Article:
Spectroscopic Near-Field Imaging from Cancer to Graphene Plasmons

William S.Hart
July 26th, 2018 WILLIAM S. HART Imperial College London

Mid-IR spectroscopy (λ ≈ 5 to 12μm) is widely used to identify chemicals. It exploits the fact that molecules absorb light at certain frequencies that are particular to their structure. Traditional methods have high spectral resolution, but are diffraction limited to large spatial resolutions of ~10μm, and so can only allow for the study of e.g. groups of cells. Scattering-type Scanning Near-field Optical Microscopy (s-SNOM) offers a way of beating the dif-fraction limit. S-SNOM uses an extremely sharp probe to scatter incident light in such a way that the information of the optical near-field is collected in a region only ~10nm in diameter. The tip is raster scanned to produce an optical image with resolution of ~λ/1000 in the mid-IR. Typically, this has been used only in solid state or highly controlled biological systems, such as isolated proteins on sili-con.

This talk presents the first near-field images of single cells, and the ability to map chemical compo-sition of unaltered samples at unprecedented (nanoscale) spatial resolution. This talk will include ex-amples of nanoscale mapping of the anti-cancer drug bortezomib within a single human myeloma cell, as well as infrared nano-imaging of sub-cellular organelles. The possibility of live-cell nano-imaging utilizing metamaterial superlenses will also be discussed.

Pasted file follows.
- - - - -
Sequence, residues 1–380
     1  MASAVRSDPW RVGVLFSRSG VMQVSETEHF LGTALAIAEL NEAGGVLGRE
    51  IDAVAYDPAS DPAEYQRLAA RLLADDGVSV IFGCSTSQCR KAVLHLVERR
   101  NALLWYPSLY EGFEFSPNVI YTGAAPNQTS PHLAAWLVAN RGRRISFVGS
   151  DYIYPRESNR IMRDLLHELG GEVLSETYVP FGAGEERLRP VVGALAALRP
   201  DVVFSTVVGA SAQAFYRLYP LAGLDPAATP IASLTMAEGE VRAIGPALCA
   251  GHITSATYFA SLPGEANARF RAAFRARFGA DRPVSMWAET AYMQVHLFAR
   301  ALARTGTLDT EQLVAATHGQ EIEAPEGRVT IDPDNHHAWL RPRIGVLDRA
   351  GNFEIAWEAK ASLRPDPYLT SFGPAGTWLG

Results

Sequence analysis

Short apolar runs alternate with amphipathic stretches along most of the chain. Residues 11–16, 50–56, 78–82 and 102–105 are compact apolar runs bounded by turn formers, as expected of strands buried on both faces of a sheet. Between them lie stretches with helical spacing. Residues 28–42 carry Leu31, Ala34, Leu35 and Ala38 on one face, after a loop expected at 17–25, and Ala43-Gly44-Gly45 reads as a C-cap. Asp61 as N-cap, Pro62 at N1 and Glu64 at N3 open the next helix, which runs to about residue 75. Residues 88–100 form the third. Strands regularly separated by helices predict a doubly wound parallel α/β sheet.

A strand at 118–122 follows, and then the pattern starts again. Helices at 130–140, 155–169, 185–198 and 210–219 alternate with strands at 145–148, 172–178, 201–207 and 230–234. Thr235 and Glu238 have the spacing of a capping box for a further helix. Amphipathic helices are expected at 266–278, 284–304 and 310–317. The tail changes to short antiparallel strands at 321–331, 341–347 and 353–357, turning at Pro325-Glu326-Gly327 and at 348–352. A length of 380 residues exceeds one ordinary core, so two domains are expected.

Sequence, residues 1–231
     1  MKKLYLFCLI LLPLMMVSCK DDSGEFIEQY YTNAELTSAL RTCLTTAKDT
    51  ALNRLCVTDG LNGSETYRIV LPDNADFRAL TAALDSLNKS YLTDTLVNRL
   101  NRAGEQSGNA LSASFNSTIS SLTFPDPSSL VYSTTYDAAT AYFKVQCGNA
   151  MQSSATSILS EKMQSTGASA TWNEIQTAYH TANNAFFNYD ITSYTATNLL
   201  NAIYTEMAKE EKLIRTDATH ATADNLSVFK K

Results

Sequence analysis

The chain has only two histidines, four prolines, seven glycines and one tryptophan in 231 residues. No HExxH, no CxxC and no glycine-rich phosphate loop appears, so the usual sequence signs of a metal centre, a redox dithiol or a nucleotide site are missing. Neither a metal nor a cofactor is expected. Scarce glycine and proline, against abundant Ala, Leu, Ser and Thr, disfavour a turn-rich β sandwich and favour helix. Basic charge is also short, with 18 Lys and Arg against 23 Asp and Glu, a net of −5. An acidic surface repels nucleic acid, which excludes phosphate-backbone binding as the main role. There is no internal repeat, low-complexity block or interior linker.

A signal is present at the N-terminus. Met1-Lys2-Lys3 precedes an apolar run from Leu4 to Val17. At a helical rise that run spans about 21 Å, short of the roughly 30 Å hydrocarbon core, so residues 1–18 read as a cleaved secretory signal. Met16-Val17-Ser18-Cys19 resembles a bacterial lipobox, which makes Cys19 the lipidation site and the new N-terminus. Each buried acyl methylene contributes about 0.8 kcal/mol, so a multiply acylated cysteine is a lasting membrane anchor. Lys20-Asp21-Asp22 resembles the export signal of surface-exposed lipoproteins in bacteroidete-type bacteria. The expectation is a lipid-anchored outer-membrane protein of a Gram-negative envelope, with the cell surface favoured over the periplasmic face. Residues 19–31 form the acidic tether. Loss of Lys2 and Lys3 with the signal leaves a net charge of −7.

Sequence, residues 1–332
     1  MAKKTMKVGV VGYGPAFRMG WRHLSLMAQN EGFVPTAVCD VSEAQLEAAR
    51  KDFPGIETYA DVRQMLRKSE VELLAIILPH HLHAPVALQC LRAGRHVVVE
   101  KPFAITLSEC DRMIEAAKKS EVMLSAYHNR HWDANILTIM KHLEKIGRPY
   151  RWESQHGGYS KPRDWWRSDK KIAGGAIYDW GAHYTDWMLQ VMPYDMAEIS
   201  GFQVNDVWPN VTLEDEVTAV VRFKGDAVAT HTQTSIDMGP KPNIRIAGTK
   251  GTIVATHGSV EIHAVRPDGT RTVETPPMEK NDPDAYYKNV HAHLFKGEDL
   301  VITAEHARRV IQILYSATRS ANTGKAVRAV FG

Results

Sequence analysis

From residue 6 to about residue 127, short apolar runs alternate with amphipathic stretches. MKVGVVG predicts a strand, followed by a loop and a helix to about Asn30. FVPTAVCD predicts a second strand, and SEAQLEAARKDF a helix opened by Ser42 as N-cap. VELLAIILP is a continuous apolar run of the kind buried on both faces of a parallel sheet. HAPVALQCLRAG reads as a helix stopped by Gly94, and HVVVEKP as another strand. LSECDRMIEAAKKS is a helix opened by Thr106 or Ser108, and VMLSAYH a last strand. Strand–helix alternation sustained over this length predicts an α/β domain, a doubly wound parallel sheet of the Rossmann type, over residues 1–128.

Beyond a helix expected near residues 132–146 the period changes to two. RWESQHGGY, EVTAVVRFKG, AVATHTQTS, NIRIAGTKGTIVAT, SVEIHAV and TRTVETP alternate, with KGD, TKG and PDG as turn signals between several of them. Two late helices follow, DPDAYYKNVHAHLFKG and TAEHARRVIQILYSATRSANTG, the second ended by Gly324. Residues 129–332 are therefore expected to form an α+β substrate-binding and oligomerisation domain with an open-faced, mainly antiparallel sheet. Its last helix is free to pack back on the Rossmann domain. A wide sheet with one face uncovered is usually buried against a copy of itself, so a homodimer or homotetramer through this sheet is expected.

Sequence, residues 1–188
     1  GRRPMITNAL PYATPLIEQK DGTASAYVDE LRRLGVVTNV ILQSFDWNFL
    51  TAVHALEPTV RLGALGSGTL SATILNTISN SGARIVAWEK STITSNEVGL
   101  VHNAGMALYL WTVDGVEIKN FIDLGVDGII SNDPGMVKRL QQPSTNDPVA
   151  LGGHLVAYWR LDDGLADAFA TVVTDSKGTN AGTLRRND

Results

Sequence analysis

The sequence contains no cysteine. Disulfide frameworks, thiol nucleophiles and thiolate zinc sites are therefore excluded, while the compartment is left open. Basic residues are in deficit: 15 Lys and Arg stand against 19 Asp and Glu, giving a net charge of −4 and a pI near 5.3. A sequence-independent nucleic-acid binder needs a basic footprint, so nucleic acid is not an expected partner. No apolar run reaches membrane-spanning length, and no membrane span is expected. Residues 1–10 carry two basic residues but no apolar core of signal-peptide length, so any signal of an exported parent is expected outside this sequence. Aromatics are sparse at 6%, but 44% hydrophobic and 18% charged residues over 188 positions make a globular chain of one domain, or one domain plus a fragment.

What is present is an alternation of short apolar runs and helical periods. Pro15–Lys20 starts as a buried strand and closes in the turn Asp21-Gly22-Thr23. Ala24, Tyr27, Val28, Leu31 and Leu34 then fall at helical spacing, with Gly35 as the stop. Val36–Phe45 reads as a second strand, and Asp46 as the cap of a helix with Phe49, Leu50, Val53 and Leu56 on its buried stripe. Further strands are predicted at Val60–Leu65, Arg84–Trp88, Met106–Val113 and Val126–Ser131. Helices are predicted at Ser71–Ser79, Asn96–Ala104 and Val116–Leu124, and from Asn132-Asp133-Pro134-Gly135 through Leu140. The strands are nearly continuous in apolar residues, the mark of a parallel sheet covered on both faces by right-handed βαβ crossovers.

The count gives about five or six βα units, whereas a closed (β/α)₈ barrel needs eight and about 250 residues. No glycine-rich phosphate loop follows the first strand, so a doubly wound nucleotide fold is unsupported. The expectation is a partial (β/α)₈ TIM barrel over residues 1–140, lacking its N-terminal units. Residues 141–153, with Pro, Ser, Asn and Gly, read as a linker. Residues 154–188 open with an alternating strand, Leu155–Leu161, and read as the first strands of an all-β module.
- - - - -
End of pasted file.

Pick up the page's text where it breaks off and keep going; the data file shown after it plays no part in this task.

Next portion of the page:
Finally, the application of s-SNOM to graphene plasmonics will be discussed with demonstration of wide-band, fine-coverage measurements of plasmon dispersion and intriguing “hotspots” around bi-layer graphene strips.

Seminar, July 26, 2018, 12:00. ICFO’s Seminar Room

Hosted by Prof. Frank Koppens